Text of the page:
"The Committee...notes with concern...(a) The ineffective identification of victims of trafficking in persons and the lenient sentencing of perpetrators, including many suspended sentences; (b) The lack of comprehensive disaggregated data on sexual exploitation, including forced prostitution; (c) The greater vulnerability of Roma women and girls to trafficking, including internal trafficking, for the purposes of sexual exploitation" (6).
Feb. 14, 2018, 11:45 a.m.
Countries: Palestine

"women are punished for an adulterous act by a prison term of between six months and two years, regardless of marital status. However, her adulterous male partner is punished by the same penalty if he is married, but only half as long if he is not married. The proposed draft Palestinian penal code does not discriminate between men and women with regard to the crime of adultery. It includes identical provisions for both with respect to both the elements of the crime and the sentence" (11).
Jan. 17, 2018, 4:41 p.m.
Countries: Israel

"The husband's refusal to divorce his wife results not only in the wife's inability to remarry but also in strict restrictions on her freedom to set up new family life. Should she have a sexual relationship with another man, she is considered a rebellious wife and may lose her rights to child custody and spousal maintenance although she remains married; she will also be prohibited from marrying her lover if at any future time her husband dies or releases her from the marriage. Should she, while still married, have a child from another man, that child will be considered a 'mamzer'. As explained, 'mamzer' is a form of bastardy applicable...more
Nov. 3, 2017, 10:47 a.m.
Countries: Morocco

"Some proposed amendments to the penal code would make matters worse for women, including a change to the penal code which would extend the possibility for reduced sentences for murder and assault to any family member who catches a family member engaged in illicit sexual intercourse (such as adultery). The government should repeal such provisions"(3-4)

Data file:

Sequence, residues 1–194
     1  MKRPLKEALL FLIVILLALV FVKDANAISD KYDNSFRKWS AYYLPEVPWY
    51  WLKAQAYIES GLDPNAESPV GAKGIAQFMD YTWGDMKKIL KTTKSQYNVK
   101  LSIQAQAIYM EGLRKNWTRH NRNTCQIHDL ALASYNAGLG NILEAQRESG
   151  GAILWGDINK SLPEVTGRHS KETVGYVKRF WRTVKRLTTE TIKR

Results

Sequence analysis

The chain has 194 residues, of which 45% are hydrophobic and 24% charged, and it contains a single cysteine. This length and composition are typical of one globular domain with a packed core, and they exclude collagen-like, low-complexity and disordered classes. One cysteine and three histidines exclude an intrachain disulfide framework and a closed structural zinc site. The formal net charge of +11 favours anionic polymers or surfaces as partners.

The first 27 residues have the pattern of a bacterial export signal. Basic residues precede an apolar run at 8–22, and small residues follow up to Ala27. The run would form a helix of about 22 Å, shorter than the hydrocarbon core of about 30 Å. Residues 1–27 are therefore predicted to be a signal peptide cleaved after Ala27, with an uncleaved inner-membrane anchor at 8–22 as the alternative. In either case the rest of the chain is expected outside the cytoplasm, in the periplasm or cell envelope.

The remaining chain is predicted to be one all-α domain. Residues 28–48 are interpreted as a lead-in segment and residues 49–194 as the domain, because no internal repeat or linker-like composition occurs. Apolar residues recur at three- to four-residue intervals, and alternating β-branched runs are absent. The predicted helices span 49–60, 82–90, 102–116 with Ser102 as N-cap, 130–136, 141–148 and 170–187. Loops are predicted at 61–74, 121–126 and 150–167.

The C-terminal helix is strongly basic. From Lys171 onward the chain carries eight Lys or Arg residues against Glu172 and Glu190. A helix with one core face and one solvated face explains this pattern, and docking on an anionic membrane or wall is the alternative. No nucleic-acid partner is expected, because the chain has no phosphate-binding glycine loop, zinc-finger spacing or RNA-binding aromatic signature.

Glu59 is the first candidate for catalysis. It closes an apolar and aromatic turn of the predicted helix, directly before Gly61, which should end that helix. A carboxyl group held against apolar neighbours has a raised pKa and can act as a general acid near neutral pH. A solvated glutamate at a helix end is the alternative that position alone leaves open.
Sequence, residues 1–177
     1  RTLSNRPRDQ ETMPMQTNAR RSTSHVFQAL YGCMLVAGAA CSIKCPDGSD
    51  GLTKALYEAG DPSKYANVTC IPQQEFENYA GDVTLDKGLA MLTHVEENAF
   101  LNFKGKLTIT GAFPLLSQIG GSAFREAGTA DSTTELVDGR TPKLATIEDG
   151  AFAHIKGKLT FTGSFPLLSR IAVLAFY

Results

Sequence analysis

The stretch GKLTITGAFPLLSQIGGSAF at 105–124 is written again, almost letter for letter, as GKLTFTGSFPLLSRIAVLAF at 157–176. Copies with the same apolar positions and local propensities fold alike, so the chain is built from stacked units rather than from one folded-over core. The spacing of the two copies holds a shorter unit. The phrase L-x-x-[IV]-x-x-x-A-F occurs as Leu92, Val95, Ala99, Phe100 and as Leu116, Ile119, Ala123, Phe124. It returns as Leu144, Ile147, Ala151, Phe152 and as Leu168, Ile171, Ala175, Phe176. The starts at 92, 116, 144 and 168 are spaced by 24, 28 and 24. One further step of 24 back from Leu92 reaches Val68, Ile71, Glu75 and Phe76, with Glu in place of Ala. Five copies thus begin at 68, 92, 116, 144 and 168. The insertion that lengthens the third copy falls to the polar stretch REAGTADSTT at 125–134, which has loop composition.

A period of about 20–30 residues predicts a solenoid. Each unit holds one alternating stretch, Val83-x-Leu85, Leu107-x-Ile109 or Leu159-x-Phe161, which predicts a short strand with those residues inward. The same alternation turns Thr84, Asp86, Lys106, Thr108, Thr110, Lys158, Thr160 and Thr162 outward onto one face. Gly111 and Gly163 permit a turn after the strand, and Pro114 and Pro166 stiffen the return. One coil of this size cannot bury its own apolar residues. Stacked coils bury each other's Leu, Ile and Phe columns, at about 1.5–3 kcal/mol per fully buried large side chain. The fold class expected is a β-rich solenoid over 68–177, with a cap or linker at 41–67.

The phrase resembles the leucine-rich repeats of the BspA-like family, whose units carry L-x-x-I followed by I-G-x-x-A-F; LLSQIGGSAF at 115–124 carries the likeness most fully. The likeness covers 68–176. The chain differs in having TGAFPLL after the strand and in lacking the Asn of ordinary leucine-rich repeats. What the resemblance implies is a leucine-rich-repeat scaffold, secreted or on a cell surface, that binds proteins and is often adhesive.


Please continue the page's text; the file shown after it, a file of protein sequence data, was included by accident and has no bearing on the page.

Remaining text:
Nov. 3, 2017, 8:07 a.m.
Countries: Afghanistan

"Although President Ashraf Ghani has promised to ban [virginity] tests as part of official procedure, they are routine for women accused of anything that falls under the vague category of so-called moral crimes" (para 8). "'Those accused experience extreme mental trauma,' Subhrang said. 'We have traveled to different provinces and seen victims who were imprisoned after such examinations for their ‘crime’ of not being a virgin'" (para 12). “In addition, according to articles 444 and 449, police are permitted to seek the help of experts to solve cases [of 'moral crimes'] in which there is a need for a medical examination; therefore, the police force of Afghanistan sends the ‘criminals’...more
Feb. 2, 2017, 12:33 p.m.
Countries: D R Congo

"Courts may sentence women found guilty of adultery to up to one year in prison, while adultery by men is punishable only if judged to have 'an injurious quality'" (28).
Dec. 29, 2016, 8:22 a.m.
Countries: Iran

"Article 199 [of Iran’s Islamic Penal Code of 2013]. The standard [of proof] for testimony in all offenses shall be two male witnesses; unless in zina, livat, tafkhiz, and musaheqeh which shall be proved by four male witnesses. In order to prove a zina punishable by the hadd punishment of flogging, shaving [of head] and/or banishment, testimony of two just men and four just women shall be sufficient. If the punishment provided is other than the above, testimony of at least three men and two women shall be required. In such cases, if two just men and four just women testify for the offense, only the hadd punishment of flogging...more
Dec. 1, 2016, 12:24 p.m.
Countries: Guinea

"Adultery is frowned on, but not uncommon, and to some degree may be expected for both men and women. Traditional punishments involve a fine imposed on the male adulterer by the aggrieved husband, and no particular formal punishment for the woman"(para 2)
Nov. 30, 2016, 8:42 p.m.
Countries: Mali

"Mali regards the following 16 practices as harmful to the health of women and children...The killing of babies that are orphans or are born outside marriage" (35).
Aug. 24, 2016, 8:50 p.m.
Countries: Iraq

"The Isis militant group has reportedly carried out a seemingly unprecedented string of public executions – including throwing men accused of being gay off towers, stoning a woman accused of adultery, and crucifying at least 17 young men in a 48-hour period. Disturbing images appeared across Isis-affiliated social media accounts at the end of last week at an unusually high rate.Images showing the executions began to emerge on Thursday, and were attributed to the 'Information Office of the mandate of Nineveh', a city in Iraq. They claim to show Isis militants carrying out 'hudud', the system of fixed punishments for what the group’s courts regard as serious crimes"(para 2-3)more